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RMHS Children’s Clinical Providers Advocate for Child’s Needs Others Didn’t See

Two-year-old Colfax is enjoying outdoor adventures more, thanks to his RMHS team, who helped diagnose his hearing loss and set him up for success.

When 2-year-old Colfax first came to Rocky Mountain Human Services (RMHS), his parents were most concerned with his gross motor skills. Soon, RMHS staff would help identify Colfax’s hearing loss, putting him on track to receive the medical care and therapy he would need to enjoy the toddler life.

Colfax was born prematurely and had several health challenges that his parents, Brandy and Damian, were navigating. During one of their many hospital visits in the first few months of his life, a staff member noticed that Colfax laid his head to one side, a sign that Colfax may have delays in his gross motor development. The staff member recommended Brandy and Damian contact RMHS.

Colfax was between 6 months and 7 months old when he first came to RMHS to be assessed by clinical staff. RMHS Occupational Therapist Cecile Claussen became one of his first therapists, and RMHS contracted with physical therapist Sharon Footlik to help Colfax with his head tilt and gross motor needs. Cecile and Sharon worked closely together with Colfax’s Service Coordinator Kathryn Moser to provide Colfax with the best services and support.

Through Colfax’s therapies, Sharon and Cecile noticed he was acting as if he had hearing issues – more specifically, fluid in his ears. He was struggling to hear even though he had previously passed hearing tests, and he was frustrated during therapy sessions, because he couldn’t figure out what Cecile and Sharon were asking him to do. He started receiving speech therapy to address the speech delays they noticed.

“He started to throw his head into extension and was looking up a lot,” Sharon said. “He also was not responding to his name.”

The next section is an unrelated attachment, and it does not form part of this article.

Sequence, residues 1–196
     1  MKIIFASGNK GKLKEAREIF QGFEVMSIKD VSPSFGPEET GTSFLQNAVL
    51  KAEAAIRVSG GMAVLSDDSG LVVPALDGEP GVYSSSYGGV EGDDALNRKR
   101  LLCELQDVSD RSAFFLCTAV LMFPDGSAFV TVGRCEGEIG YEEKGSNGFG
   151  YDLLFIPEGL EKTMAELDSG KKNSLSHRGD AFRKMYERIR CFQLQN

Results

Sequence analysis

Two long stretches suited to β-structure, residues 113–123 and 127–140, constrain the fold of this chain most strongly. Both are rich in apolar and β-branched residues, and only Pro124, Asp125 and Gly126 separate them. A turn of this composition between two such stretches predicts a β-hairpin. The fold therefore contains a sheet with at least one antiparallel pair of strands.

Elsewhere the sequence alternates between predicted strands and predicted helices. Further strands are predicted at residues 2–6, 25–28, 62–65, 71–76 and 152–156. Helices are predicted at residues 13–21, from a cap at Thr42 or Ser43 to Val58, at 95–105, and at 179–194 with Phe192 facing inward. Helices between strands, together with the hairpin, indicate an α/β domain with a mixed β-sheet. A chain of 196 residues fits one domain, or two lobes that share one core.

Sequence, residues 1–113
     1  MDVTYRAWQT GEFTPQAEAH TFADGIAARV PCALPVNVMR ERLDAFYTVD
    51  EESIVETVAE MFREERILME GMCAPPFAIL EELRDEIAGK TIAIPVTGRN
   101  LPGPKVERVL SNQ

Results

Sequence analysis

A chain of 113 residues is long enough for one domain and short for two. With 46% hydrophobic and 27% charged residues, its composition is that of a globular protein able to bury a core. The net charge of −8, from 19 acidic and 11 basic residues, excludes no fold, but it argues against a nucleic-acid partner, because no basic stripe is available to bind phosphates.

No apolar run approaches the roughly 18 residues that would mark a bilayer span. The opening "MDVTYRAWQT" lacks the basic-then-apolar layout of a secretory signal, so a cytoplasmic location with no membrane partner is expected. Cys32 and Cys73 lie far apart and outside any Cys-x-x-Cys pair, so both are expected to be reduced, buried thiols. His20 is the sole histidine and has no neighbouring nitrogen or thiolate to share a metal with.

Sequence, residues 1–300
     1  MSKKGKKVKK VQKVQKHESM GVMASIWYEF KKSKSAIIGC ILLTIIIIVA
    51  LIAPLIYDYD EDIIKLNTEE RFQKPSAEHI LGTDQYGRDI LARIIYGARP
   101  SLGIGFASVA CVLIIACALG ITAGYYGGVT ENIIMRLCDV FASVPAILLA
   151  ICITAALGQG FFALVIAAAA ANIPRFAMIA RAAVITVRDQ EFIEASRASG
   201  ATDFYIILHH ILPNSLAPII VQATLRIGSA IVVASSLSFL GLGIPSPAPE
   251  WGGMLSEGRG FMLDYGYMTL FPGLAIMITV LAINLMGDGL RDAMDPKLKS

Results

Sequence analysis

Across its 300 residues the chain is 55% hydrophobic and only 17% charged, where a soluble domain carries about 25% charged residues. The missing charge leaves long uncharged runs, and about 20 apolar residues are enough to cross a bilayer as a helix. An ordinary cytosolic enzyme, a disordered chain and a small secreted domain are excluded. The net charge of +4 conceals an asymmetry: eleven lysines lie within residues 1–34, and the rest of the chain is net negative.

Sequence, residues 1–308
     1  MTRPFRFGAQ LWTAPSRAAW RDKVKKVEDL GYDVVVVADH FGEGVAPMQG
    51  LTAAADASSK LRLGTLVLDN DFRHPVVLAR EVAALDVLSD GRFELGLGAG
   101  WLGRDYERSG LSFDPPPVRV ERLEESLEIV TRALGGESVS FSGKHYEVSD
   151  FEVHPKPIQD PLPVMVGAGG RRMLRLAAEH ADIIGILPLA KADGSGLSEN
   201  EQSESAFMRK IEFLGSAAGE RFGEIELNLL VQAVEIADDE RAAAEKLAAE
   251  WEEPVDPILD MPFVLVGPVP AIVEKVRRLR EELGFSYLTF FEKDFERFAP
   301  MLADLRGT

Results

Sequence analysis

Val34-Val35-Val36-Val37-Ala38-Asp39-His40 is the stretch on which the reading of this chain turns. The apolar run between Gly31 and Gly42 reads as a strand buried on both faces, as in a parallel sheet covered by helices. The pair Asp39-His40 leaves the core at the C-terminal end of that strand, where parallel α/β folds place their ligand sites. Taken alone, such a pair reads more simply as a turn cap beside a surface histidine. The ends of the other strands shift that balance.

Brandy mentioned Sharon and Cecile’s concerns to Colfax’s pediatrician.

“His pediatrician was very adamant that Colfax could hear,” Sharon said. “It was all conflicting.”

The family trusted their doctor’s opinion, but Colfax’s therapists were persistent. They knew something wasn’t right. So with Cecile and Sharon’s recommendation, they took Colfax to an ear, nose and throat doctor. Sure enough, there was fluid in his ears.

Doctors gave Colfax vestibular tubes, which drained the fluid, and his mom immediately noticed a difference. He was a happier, healthier kid overall.

To determine whether Colfax had more than just fluid in his ears, he took and failed three sound booth tests, which suggested hearing loss. To be sure, Colfax took a special test called an Auditory Brainstem Response. This test is done while the patient is sedated with electrodes on his or her head to detect how the brain responds to sounds.

Colfax is happy now that his ears are no longer blocked by fluid. He explored Badlands National Park in South Dakota this past May with his family.

The test helped discover the root of Colfax’s ear problems – sensorineural hearing loss, a type of permanent hearing loss related to the inner ear. Thankfully, cochlear implants, a medical device that recreates the sense of sound, can improve Colfax’s access to sound and support his ability to speak oral languages. He will receive the implants later this year. Colfax will also receive audio verbal therapy, which helps him understand the sounds he will hear after he receives the implants.

Then, Colfax underwent an MRI, which revealed he has enlarged vestibular aqueducts. This means a part of his ear improperly developed, and the condition is associated with hearing loss.

With the causes of Colfax’s hearing loss diagnosed, the family began seeking care that best suits his needs. He is seeing his speech therapist more frequently and quickly learning verbal words. He’s also using sign language, which his clinical team started teaching him even before he was diagnosed with hearing loss.

“It’s a day-and-night difference,” Colfax’s Service Coordinator Kathryn said.

Kathryn connected the family to a deaf services coordinator named Robin Getz through the Colorado School for the Deaf and the Blind and a provider named Marcia Tabor, who works on Colfax's sign language and verbal skills.

Colfax has now learned more than 150 signs and 100 verbal words and is beginning to combine two words at a time. The family intends to raise him bilingually with American Sign Language and English, so they can maximize his access to language.

“We feel like it was thanks to Sharon and Cecile,” his mom Brandy said. “It’s just become so clear in retrospect.”

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